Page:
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Origin and Development of Oak Stump Sprouts As Affecting Their Likelihood to Decay

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Abstract:

The species of oak varied markedly as to the age and size when sprouting capacity dropped, and in the height growth of sprouts. The following factors had little material effect upon the amount of sprouting: stump height, season of cutting, presence of butt rot when cut, and the occurrence of fire immediately after logging. The sprouts that arise lowest on the parent stump are least likely to develop butt rot from the stump. Sprouts of satisfactory low origin followed cutting very low stumps and also occurred after burning following clear-cutting. Although sprouts of high origin were in the minority, when 12-inch-high stumps were left, and the area was not burned over, they very definitely tended to become the dominant sprouts within a clump. Measures taken early in the life of a sprout oak stand to insure the successful development of sprouts of low origin and therefore low decay hazard are suggested.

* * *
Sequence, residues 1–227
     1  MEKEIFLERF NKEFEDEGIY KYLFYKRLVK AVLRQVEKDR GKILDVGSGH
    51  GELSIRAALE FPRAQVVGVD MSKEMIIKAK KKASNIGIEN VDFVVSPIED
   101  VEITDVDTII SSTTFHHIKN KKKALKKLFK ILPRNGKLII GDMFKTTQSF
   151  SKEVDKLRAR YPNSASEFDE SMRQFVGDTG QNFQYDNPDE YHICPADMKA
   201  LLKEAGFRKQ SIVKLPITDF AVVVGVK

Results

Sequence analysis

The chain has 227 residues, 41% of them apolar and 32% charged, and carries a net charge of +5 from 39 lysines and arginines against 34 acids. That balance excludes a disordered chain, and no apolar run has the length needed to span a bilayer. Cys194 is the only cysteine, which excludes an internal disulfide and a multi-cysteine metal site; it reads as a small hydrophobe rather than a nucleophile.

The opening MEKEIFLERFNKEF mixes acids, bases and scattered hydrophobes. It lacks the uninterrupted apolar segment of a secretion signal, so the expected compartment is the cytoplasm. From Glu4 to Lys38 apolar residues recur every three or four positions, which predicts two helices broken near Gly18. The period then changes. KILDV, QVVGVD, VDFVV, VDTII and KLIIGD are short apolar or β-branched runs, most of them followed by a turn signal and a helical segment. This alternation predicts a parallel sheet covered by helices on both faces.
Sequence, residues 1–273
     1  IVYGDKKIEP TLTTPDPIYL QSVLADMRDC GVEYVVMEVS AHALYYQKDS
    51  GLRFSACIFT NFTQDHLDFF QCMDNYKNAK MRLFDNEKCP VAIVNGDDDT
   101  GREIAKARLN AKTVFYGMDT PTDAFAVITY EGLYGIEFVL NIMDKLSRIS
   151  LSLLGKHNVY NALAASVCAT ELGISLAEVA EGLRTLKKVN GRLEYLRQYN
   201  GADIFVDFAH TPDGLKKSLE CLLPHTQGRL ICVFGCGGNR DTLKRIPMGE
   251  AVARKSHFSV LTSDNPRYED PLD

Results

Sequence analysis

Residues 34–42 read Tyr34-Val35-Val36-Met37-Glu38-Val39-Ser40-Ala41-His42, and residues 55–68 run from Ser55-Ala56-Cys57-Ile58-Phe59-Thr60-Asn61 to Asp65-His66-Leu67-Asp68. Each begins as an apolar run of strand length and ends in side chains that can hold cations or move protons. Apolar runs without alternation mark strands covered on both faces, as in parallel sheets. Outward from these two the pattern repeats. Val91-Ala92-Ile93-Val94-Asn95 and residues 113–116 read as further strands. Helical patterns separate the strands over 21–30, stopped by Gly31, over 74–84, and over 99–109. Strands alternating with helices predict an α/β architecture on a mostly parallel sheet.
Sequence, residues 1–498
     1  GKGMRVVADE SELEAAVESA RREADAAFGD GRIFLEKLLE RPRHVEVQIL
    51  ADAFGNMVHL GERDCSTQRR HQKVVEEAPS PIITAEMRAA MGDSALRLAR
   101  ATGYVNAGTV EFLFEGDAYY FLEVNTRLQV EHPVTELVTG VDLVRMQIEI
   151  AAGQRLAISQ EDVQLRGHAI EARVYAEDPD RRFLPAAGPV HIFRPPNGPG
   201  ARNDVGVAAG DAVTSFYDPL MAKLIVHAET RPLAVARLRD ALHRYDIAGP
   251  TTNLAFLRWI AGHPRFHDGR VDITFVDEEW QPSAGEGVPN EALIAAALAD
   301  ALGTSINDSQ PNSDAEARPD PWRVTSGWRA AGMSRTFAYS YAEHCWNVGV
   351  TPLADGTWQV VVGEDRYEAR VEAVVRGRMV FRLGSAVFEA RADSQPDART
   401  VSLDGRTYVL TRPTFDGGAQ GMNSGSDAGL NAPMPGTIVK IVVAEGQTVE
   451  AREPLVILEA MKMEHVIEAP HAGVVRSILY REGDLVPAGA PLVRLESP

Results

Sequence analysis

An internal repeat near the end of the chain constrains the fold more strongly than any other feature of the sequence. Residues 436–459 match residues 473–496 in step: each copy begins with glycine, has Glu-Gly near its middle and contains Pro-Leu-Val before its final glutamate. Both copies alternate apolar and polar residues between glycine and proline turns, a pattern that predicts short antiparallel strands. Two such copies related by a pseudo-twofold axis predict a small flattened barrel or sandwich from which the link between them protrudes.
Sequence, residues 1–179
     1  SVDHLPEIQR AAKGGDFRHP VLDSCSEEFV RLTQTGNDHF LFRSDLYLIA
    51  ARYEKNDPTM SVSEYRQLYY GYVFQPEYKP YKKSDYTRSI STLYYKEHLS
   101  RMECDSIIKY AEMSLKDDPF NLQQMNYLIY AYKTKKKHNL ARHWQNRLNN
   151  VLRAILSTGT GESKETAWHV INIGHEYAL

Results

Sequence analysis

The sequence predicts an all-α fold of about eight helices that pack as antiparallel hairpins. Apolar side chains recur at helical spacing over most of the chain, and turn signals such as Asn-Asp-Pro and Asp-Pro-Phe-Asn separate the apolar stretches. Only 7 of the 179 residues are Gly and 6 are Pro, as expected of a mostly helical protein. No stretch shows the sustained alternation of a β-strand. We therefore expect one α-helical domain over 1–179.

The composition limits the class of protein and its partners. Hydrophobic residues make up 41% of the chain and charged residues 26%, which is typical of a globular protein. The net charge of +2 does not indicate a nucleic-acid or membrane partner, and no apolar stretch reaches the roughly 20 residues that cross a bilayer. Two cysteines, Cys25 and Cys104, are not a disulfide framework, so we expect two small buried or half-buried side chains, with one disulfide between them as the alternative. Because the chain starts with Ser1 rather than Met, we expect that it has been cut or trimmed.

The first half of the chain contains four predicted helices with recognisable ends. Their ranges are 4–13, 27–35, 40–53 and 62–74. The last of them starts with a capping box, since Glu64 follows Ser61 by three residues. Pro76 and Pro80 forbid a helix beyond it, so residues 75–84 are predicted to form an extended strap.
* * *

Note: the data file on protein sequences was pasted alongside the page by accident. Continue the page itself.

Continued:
Document Type: Journal Article

Affiliations: Pathologist in charge, Bureau of Plant Industry, U. S. Department of Agriculture, Asheville, N. C.

Publication date: January 1, 1943

More about this publication?
  • The Journal of Forestry is the most widely circulated scholarly forestry journal in the world. In print since 1902, the Journal has received several national awards for excellence. The mission of the Journal of Forestry is to advance the profession of forestry by keeping forest management professionals informed about significant developments and ideas in the many facets of forestry: economics, education and communication, entomology and pathology, fire, forest ecology, geospatial technologies, history, international forestry, measurements, policy, recreation, silviculture, social sciences, soils and hydrology, urban and community forestry, utilization and engineering, and wildlife management. The Journal is published bimonthly: January, March, May, July, September, and November.

    2015 Impact Factor: 1.476
    Ranking: 22 of 66 in forestry

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